Omar Kassim joins us in the latest episode of the Impulso podcast in a candid discussion about the current dynamics of the venture and investment ecosystem in the Middle East. 

With over a decade of experiences in venture and investment in the region, Omar has many insights into the appealing yet mysterious market and ecosystem of the Middle East. 

Join us as we dive into:

  • How the two major economies, UAE and Saudi Arabia differentiate in their strategy and compete with each other
  • The Middle East’s investment and venture capital landscapes
  • The unique challenges faced by both local and global companies operating in the region
  • The region’s potential for growth and development

You can watch the full episode of the podcast here:

Or if you prefer to listen on the go, tune into the full episode here:

Also available on Apple podcasts.

[AI-generated transcript] 

[00:00:00] Sabrina

Hello everyone, and welcome back to the Impulso podcast today. Jianggan and I are joined by Omar Kassim, and we’re going to be discussing the venture ecosystem in the Middle East. So thank you for joining our podcast today, Omar. Maybe you could introduce yourself a little to our listeners, since it’s your first time on our podcast.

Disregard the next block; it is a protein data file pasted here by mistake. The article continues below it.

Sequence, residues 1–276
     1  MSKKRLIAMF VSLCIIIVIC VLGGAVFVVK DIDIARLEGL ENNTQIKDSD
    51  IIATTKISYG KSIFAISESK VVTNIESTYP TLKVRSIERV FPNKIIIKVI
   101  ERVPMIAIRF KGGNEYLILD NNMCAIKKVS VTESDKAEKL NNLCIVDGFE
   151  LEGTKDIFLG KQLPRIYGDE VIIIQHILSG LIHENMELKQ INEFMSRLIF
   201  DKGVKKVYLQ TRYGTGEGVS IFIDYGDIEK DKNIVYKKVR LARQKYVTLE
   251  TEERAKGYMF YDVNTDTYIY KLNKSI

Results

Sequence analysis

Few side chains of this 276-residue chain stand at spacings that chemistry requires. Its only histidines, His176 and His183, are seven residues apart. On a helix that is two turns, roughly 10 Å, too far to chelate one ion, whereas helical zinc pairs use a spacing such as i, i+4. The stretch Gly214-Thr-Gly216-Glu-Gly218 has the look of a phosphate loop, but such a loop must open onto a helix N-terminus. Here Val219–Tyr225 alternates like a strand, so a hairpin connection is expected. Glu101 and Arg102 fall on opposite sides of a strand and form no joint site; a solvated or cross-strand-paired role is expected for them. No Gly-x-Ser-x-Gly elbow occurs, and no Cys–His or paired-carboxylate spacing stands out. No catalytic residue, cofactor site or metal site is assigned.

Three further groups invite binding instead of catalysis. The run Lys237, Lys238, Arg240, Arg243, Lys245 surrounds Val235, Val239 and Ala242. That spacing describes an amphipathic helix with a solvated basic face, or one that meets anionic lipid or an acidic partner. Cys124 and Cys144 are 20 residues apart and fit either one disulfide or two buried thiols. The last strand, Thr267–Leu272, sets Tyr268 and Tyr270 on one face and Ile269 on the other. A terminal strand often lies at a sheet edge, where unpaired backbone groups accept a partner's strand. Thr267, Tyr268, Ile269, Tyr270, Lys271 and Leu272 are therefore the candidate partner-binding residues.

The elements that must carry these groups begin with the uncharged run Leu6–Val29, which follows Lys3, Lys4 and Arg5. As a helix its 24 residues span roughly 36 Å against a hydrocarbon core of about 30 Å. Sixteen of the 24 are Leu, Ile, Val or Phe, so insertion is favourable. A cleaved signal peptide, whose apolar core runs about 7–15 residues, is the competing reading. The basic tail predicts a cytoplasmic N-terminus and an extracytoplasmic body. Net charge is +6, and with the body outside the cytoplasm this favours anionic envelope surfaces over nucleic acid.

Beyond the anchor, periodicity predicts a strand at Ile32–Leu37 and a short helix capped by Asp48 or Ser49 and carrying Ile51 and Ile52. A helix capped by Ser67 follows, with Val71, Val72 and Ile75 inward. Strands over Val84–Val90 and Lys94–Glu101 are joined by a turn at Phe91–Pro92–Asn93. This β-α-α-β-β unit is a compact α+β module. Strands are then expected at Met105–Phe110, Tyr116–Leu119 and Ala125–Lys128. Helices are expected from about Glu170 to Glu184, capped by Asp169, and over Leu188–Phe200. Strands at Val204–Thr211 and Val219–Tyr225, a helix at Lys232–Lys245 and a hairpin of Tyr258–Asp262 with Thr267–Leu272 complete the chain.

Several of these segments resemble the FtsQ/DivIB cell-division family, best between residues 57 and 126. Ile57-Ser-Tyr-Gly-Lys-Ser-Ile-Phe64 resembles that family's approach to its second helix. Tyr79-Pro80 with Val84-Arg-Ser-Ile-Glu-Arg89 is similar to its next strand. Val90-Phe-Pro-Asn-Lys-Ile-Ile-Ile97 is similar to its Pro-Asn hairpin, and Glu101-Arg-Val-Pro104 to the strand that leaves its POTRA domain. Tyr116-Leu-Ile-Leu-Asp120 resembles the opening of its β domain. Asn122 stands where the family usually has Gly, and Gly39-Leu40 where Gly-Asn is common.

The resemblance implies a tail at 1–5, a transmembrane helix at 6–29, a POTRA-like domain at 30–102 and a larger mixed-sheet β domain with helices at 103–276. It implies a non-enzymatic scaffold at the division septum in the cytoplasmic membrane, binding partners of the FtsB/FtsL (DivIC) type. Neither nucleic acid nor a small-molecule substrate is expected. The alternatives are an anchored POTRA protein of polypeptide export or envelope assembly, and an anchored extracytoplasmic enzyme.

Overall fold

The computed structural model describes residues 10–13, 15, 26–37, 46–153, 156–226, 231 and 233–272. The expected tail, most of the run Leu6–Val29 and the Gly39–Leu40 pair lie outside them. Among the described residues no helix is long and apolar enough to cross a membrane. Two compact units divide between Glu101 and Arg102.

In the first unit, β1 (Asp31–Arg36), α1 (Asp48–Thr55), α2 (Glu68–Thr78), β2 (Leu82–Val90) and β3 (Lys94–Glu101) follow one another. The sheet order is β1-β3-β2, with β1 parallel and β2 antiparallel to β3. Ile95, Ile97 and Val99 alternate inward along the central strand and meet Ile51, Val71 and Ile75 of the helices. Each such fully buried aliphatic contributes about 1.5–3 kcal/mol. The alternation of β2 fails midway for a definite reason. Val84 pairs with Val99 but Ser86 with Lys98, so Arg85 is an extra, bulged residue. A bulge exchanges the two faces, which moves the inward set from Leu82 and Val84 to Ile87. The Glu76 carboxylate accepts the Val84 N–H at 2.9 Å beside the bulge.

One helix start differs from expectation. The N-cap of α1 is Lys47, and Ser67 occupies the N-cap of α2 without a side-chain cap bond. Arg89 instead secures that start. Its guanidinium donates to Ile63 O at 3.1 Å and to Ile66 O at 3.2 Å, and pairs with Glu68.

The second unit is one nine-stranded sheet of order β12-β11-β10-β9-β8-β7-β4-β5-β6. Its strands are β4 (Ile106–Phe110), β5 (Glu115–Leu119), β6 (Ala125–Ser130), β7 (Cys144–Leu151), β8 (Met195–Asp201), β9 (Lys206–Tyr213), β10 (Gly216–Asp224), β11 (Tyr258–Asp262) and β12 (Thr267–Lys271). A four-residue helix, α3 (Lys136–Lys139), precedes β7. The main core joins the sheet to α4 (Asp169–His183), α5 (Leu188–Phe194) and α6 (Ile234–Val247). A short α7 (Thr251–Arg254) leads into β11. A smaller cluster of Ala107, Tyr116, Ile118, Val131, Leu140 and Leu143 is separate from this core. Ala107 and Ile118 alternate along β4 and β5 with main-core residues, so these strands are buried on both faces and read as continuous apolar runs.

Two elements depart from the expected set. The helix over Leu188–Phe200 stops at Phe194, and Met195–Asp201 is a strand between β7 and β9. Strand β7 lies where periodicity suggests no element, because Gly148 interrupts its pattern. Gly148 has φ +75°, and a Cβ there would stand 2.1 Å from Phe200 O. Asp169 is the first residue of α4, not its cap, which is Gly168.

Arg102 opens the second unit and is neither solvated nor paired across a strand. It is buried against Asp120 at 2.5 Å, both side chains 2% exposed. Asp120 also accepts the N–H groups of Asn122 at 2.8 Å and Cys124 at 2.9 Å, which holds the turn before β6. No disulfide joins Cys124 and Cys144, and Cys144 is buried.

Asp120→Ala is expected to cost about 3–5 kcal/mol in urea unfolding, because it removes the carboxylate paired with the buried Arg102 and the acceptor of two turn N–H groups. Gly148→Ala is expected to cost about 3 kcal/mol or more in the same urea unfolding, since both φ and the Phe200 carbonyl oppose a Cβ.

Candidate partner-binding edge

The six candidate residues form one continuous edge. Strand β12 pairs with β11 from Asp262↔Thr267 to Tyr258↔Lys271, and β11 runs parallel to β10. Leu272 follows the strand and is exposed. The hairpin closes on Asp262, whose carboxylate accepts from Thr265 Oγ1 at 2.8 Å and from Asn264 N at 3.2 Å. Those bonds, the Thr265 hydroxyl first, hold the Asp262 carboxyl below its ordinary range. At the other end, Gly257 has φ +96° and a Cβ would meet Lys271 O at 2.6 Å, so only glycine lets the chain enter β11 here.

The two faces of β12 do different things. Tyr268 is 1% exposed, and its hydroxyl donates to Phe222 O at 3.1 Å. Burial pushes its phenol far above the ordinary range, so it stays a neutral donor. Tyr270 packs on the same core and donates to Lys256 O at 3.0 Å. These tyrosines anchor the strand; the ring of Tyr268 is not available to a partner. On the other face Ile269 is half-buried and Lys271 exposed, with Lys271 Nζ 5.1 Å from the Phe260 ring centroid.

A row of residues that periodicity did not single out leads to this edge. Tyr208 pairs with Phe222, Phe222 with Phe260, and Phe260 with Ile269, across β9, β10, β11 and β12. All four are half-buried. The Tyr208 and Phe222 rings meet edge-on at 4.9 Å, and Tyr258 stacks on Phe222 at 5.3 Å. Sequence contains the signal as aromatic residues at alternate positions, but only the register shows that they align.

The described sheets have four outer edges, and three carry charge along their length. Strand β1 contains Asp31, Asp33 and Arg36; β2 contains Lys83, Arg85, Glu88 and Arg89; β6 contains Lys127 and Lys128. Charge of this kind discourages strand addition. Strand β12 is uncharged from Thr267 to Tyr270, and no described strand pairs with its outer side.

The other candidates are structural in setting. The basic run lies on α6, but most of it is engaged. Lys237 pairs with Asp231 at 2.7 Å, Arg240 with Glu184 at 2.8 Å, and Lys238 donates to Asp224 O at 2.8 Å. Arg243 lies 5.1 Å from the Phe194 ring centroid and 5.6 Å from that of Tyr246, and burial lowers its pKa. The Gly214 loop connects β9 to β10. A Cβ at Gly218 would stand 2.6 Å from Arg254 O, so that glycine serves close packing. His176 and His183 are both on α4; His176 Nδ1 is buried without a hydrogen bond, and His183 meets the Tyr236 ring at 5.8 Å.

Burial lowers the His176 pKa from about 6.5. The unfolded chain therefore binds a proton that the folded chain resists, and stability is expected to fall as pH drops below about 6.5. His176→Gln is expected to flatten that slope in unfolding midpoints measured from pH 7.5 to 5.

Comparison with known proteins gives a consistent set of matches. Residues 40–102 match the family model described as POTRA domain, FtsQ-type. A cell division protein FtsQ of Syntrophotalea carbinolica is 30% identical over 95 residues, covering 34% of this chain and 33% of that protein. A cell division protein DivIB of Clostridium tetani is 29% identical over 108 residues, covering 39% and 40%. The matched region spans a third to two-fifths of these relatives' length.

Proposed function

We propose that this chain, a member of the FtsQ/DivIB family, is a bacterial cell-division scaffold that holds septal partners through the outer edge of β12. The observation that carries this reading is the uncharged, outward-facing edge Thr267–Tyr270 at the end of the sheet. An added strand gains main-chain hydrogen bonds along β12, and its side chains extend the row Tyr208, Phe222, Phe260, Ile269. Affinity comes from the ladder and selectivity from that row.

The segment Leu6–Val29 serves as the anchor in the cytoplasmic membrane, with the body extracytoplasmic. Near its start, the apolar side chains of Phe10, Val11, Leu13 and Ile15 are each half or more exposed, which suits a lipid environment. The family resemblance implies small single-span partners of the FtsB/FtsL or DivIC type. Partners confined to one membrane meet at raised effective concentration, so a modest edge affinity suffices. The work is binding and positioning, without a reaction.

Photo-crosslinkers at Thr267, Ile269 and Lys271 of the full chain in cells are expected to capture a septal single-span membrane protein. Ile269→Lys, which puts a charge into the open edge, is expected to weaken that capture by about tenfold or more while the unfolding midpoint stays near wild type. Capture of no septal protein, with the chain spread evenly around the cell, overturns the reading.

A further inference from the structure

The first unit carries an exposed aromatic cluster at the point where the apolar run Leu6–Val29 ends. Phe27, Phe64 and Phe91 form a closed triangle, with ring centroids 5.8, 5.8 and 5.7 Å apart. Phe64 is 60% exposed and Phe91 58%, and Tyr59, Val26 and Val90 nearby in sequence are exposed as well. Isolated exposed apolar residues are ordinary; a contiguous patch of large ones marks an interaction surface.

[00:00:18] Jianggan

Let me just add one thing. Everyone in the Middle East knows Omar, but many of our audiences are from Southeast Asia and East Asia. 


[00:00:25] Omar

Thank you, that’s high praise. Thanks so much for having me. So I grew up in the region I specifically grew up in Dubai. My first startup was essentially way back when sort of early 2010 I basically built a marketplace platform for about six, seven years, exited that to Noon.

Noon is essentially Amazon’s only serious competitor in the MENA region. I did some side projects and most recently we’re basically building a B2B what we’re calling a revenue capture platform. So I did Buy Combinator in summer 21, Raise the Seed round. Sort of the midst of sort of building out this enterprise B2B payment slash revenue software platform.

So yeah, thanks again for having me. Great to be here.


[00:01:03] Sabrina

So I think you mentioned you’ve had a lot of experience in the sort of tech and venture ecosystem in the Middle East, right?


[00:01:09] Omar



[00:01:09] Sabrina

So how do you think you’ve seen it evolve over maybe the last 10 or 20 years?